59 Torrington Turnpike No. 1

As far as he could recall, the scout had only ever driven the utilicon along this turnpike from Morchard Road Station to Winkleigh and had only ridden short lengths of it. The road, therefore, beckoned.

As he carried his bicycle down the stairs to platform three at St. David’s one August morning, he spotted two cyclists waiting for the Barnstaple train. The scout usually asks others where they are going so that cycles can be stowed accordingly. The father with his young son wondered whether three bicycles would be allowed and the scout’s glib response was that guards were generally accommodating. They were off to camp at Yarde Halt, on the old North Devon & Cornwall Junction Light.

It was only with the train at the platform and the doors open that father and son started removing their panniers; the advice, which the scout usually repeats, is to do this before the train arrives. Three cyclists dithering drew the attention of staff and when the guard came along he ruled that only two bicycles would be taken, it being a Class 158 D.M.U. with minimal space (though some have three wheel brackets). The guard relented when the scout appealed as a railway pensioner only going to Morchard Road.

Hermitage railways, using old coaching stock, can carry more than two bicycles on their trains.
This is the compartment of a 1960s D.M.U. on the Swanage Railway.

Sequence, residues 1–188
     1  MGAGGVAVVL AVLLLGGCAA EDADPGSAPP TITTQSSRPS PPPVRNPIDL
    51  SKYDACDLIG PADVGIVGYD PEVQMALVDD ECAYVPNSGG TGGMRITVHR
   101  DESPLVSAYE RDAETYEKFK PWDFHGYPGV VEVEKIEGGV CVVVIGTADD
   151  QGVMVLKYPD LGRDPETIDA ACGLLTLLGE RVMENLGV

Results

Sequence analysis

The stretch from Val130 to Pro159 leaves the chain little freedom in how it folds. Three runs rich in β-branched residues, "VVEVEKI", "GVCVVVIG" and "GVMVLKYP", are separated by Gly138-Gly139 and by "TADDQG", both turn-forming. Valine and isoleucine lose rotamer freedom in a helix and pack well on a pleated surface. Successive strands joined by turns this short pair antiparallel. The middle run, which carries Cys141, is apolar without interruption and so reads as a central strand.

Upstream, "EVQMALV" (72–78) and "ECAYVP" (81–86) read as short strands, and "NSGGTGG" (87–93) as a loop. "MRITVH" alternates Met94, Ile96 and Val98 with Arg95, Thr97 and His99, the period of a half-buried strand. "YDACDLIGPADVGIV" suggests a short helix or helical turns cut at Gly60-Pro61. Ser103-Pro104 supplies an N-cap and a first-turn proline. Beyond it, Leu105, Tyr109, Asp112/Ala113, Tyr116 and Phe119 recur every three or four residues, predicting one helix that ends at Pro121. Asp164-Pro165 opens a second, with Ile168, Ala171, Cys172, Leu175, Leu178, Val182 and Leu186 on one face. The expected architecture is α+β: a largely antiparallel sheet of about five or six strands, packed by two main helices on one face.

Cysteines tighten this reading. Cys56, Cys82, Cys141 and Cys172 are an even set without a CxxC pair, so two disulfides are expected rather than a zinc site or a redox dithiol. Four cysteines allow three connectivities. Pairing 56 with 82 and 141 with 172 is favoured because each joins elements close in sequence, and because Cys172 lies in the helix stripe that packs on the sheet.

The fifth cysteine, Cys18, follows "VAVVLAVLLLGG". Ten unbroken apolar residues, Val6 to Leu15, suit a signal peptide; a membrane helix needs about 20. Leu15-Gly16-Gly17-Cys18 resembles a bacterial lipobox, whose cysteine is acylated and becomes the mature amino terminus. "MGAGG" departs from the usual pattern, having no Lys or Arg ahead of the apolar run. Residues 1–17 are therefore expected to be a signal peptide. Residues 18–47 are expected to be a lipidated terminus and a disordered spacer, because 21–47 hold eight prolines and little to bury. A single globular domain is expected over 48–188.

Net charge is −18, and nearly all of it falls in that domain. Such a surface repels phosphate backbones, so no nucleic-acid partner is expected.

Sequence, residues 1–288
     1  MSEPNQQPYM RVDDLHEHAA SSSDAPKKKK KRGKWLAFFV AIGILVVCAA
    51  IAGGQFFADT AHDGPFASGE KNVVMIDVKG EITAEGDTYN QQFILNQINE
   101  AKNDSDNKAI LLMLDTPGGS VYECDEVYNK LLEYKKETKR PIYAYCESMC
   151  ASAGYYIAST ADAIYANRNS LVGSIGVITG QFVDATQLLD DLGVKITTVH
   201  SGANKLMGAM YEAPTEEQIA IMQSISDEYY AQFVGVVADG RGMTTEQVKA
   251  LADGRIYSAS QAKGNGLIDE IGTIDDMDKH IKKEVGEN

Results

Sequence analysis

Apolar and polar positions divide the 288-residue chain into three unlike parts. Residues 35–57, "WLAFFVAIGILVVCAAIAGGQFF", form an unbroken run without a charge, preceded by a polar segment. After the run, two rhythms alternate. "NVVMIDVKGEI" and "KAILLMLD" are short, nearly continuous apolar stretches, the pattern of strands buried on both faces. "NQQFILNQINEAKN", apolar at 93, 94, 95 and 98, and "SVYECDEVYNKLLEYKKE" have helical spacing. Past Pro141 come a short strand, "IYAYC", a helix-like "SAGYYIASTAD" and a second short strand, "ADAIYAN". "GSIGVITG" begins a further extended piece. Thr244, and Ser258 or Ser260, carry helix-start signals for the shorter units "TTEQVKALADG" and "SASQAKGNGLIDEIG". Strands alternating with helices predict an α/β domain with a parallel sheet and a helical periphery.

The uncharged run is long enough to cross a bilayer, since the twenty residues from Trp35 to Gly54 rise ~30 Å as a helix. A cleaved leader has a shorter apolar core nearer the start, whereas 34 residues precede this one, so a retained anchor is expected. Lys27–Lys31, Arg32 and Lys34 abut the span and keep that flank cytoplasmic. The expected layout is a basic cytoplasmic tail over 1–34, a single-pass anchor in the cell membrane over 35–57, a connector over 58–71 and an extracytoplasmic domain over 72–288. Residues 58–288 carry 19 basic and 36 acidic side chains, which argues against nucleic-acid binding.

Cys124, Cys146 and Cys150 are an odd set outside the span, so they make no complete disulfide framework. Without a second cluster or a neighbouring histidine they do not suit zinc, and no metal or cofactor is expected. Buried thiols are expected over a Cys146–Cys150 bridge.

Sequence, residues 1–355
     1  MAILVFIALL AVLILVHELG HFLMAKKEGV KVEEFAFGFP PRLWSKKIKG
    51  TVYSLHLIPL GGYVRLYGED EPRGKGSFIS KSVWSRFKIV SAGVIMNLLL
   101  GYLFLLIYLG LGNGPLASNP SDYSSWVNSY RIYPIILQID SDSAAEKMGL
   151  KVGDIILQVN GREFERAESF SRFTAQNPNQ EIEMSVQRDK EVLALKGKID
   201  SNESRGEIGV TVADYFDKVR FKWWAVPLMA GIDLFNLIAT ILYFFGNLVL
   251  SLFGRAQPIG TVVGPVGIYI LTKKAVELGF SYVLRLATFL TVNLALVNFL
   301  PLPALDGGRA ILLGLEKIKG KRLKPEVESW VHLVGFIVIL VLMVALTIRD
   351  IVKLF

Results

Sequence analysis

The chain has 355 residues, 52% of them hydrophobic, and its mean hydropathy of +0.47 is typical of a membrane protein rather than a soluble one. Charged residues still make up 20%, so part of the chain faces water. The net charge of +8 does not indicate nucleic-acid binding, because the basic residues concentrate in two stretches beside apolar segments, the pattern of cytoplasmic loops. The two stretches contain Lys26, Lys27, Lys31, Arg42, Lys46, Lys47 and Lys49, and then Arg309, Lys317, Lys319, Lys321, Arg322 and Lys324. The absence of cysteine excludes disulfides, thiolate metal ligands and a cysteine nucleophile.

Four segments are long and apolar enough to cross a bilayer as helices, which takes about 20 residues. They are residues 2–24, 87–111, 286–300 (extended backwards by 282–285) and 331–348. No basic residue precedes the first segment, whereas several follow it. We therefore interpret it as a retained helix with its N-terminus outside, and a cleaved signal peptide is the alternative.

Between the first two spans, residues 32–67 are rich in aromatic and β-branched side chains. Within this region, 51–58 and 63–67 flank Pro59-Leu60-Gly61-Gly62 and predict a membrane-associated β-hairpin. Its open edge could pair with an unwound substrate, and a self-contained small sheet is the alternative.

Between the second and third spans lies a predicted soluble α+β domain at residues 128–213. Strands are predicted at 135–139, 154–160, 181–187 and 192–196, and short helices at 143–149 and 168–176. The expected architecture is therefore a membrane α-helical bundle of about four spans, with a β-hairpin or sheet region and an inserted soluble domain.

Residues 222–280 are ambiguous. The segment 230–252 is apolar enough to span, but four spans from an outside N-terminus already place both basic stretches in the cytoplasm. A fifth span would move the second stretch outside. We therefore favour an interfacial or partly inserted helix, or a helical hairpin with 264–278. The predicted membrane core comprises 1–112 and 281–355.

To someone else, a refusal would have meant an hour’s wait or the spoiling of a day’s plans. The scout had once put his Vespa motor scooter on the train to Barnstaple, but the first generation of D.M.U’s. had guard’s compartments and generous van space.

The guard was thanked again at Morchard Road, where the scout set off towards Torrington along the turnpike of 1835.

The most obvious feature on these very well built roads is the tollhouse and the scout could not pass the one at Taw Bridge, 15 miles from Torrington and the only one of the five on the route to survive, without stopping.

An old boy on a bicycle taking refreshment at the junction with the North Tawton road was an excuse for a chinwag. He told the scout that he was a regular North Devon line user and was “running-in” his new hip.

The Taw Bridge tollhouse was built in 1856. It is Grade II listed.

A feature on the other side of the road, which he would not have seen without turning around, he would have remembered had he ever gone along this road in the other direction.

The reason for raising this unventilated van with sliding doors is not known. Van bodies were usually sold without their steel underframes but this one, and presumably the other four on the ground, is complete. The label clip can be seen but the builder’s plate on this side is missing.

Riding on, the scout detoured to wander around Winkleigh, forever in his mind linked to the tragic story of the Luxtons. He wondered what former inhabitants of this once remote village would have made of the coffee shop.